Building & Construction Law

What is a Force Majeure clause?

What is a Force Majeure clause?

A force majeure clause is a method of allocating the risk of a disruptive event. It is a broad catch-all provision whereby the parties list categories or specific instances of otherwise frustrating events, together with the party or parties to bear the risk of the event occurring.

The clause can also grant options to vary, suspend or terminate the contract to one or more of the parties. [1]

Force majeure clauses form part of a contract’s express terms, subject to the conventional methods of construction.

Absent a force majeure clause, it is unlikely a contract’s commercial purpose would suggest that such a provision is so apparent that it goes without saying [2], meaning a court is likely to refuse to imply it.

Further Reading:

For a more detailed discussion please refer to our blog article “Force Majeure Clauses & Frustration: Why the COVID-19 Pandemic is a Wake-Up Call" by Shakvaan Wijetunga | Virtual Intern at Blue Ocean Law Group℠.

Footnotes:

[1] Eg., Yara Nipro P/L v Interfert Australia P/L [2010] QCA 128, [26].

[2] BP Refinery (Westernport) Pty Ltd v Hastings Shire Council (1977) 180 CLR 266, 283.

Important Notice:

This FAQ is intended for general interest + information only.

It is not legal advice, nor should it be relied upon or used as such.

We recommend you always consult a lawyer for legal advice specifically tailored to your needs & circumstances.

How can Security of Payment Legislation assist debt collection under a building contract or sub-contract?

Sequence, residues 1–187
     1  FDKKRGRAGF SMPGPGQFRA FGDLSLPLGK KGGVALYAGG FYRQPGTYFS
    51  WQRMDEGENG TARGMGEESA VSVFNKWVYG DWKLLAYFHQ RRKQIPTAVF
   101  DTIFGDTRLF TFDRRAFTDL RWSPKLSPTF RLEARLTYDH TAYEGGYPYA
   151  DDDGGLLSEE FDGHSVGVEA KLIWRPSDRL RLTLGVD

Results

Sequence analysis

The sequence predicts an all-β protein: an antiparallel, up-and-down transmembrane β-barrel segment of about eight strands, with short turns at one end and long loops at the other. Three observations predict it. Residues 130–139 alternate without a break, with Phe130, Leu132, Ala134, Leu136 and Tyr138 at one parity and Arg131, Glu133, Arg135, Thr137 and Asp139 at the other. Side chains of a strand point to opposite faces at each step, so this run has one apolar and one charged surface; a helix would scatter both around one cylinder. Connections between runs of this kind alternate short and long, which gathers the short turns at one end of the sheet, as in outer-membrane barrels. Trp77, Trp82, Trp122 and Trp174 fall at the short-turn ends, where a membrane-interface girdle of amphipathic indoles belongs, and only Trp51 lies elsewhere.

Is this a building/construction matter?

If the debt involves a progress claim under a building contract or sub-contract for the supply of goods or services in the building industry, then you will have the option to invoke the relevant state/territories Security of Payment Statutory Scheme.

Security of Payment refers to any system designed to ensure that contractors + sub-contractors in the building industry are paid even in case of dispute.

This can involve a system of progress payments, interim arbitration decisions, or a system which legally requires a company to pay an invoice within a set number of days, regardless of whether the company believes they are accurate.

Background to the Security of Payment Legislation

Security of Payment legislation has been introduced by each Australian State and Territory to allow for the rapid determination of progress claims under building contracts or sub-contracts and contracts for the supply of goods or services in the building industry.

This process, which establishes adjudication as the primary dispute resolution mechanism, was designed to ensure cash flow to businesses in the construction industry, without the parties getting tied up in lengthy and expensive litigation or arbitration.

In addition to quick payment, the scheme also allows for Security of Payment to be provided in stages or payment schedule.

Common method used to invoke the operation of the Security of Payment Statutory Scheme

The relevant State/Territory Security of Payment Statutory Scheme can be invoked by including the following words of your invoice.

"This is a payment claim made pursuant to the Building and Construction Industry (Security of Payment) Act 2009 (ACT)”; or
"This is a payment claim made under the Building and Construction Industry Security of Payment Act 1999 NSW".
These Statements may vary depending in which State/Territory the Claim is made......".

These statements have not been a requirement in NSW since legislative amendments made in 2013.

Advantages

✅ Secures Rapid Payment;

✅ Adjudication is Quicker + Less Expensive than Court;

Disadvantages

❌ Potential for Power Imbalance;

❌ Confusion + Poor Understanding;

❌ Costliness of Dispute Resolution.

Credits:

This FAQ was written by James D. Ford GAICD | Principal Solicitor, Blue Ocean Law Group℠.

Important Notice:

This FAQ is intended for general interest + information only.

It is not legal advice, nor should it be relied upon or used as such.

We recommend you always consult a lawyer for legal advice specifically tailored to your needs & circumstances.